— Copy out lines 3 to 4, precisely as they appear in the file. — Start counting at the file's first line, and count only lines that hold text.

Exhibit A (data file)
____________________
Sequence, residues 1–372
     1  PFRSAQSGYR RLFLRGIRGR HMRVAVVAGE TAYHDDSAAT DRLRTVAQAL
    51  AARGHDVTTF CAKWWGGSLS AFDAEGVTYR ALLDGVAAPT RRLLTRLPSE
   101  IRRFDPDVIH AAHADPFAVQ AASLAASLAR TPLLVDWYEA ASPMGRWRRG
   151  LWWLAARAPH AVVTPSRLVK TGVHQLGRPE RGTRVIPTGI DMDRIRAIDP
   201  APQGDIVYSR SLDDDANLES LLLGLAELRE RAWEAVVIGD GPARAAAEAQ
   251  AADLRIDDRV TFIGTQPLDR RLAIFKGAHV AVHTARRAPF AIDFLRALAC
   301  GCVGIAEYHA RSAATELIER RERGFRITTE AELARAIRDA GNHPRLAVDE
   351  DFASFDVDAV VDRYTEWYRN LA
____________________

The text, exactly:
    51  AARGHDVTTF CAKWWGGSLS AFDAEGVTYR ALLDGVAAPT RRLLTRLPSE
   101  IRRFDPDVIH AAHADPFAVQ AASLAASLAR TPLLVDWYEA ASPMGRWRRG